There are plenty to choose from during my lifetime: the original post apocalyptic vision of the Omega Man, or the Aussies’ penchant for odd end-times parables like The Rover or The Quiet Earth. There’s Andrei Tarkovsky’s Russian classic, Stalker, which basically came true a few years after its release with the disaster at Chernobyl, and mainstream classics like The Terminator series, 12 Monkeys, the Planet of the Apes films, and Logan’s Run.
Modern films such as the manic Doomsday, the dark, yet hopeful Book of Eli, the under-appreciated Oblivion, and the utter desolation and gloom of The Road. You can always find a film to fit your taste.
My five favorites, though? A mix of comedy, satire, action, and animation.
5. A Boy and His Dog
My first viewing of A Boy and His Dog came when I stayed up way past bedtime to catch the weekend showing of Joe Bob’s Drive-in Theatre on The Movie Channel, a fairly routine occurrence that defined much of my youth. A young Don Johnson shines in this film about a boy named Vic who can communicate telepathically with his dog, Blood. The two inhabit a future wasteland populated by wandering bands of thugs and scavengers who take what they want and kill to survive, until Blood sniffs out a young girl named Quilla June, who leads them to an underground society desperately-in-need of new blood.
Johnson leaves the dog above ground and goes after the girl, finding nothing but trouble when he does. The happy faces of Downunder are not at all what they seem. He and Blood are separated for the first time, and it quickly becomes a race to return to the surface, and return to his only friend.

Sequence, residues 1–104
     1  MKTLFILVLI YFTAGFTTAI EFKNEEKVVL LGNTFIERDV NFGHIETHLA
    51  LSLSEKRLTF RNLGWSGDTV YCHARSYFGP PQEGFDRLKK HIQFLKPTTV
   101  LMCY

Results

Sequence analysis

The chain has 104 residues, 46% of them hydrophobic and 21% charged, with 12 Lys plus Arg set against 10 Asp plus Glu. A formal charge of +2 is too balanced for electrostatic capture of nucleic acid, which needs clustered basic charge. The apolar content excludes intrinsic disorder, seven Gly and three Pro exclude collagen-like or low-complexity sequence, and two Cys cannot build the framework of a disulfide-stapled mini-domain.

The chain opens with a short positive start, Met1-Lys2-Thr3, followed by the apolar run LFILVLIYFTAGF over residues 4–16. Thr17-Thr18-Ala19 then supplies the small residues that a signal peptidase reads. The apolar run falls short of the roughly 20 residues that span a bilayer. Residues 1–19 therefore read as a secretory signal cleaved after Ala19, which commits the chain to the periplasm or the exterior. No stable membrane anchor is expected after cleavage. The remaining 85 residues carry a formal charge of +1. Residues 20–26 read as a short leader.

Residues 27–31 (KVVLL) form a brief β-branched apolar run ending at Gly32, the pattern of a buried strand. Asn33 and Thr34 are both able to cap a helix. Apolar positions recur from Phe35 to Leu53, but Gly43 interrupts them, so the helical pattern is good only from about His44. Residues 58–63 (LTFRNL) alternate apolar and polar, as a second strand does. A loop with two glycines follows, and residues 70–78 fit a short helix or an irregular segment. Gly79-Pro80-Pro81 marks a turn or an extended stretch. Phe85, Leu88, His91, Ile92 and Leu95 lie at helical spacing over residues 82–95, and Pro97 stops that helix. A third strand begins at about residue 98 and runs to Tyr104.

This is by far my favorite Don Johnson role, if only for nostalgia’s sake. Jason Robards does his usual amazing job as the leader of the Downunder community, and Susanne Benton offers a fine take as Quilla June, but the real star of the film is Blood, voiced by Tim McIntire. L.Q. Jones directed this film, which was essentially his last foray in the director’s chair — I wish he had done more, because, as much as this film has been derided over the years, it remains a large part of my childhood.
4. Turbo Kid
There’s a lot to be said about B Movies done right. When they’re not done well, they really, really stink, but every so often someone takes a minuscule budget and a sack of bad ideas and makes something magical. Or at least they make something hilarious.
Turbo Kid is one of my favorite low-budget flicks of the last decade, immensely watchable and enjoyable, and completely unhinged while retaining a child-like innocence and humor that leaves the viewer invested in the characters and their predicament. It’s a love story in the Wasteland, a survival story for geeks, and a story about robots and murderers who just want to find their place in the world.
Lots of bikes, blood, and buffoonery add up to a tremendous amount of fun, and there’s just enough Michael Ironside to keep it classy. Well, sort of.
I could go through a complete explanation of Turbo Kid, but that would ruin its aura. Just watch and enjoy.
3. Escape From New York
Kurt Russell as Snake Pliskin. Isaac Hayes as The Duke. Harry Dean Stanton as The Brain. Donald Pleasance. Adrienne Barbeau. Donald Pleasance and Lee Van Cleef. All thrown together in a movie about the future New York City being used as a prison, directed by the incomparable John Carpenter.
Throw in Ox Baker, Frank Doubleday, and Ernest Borgnine and you have a masterpiece. Enough said.
2. The Mad Max Films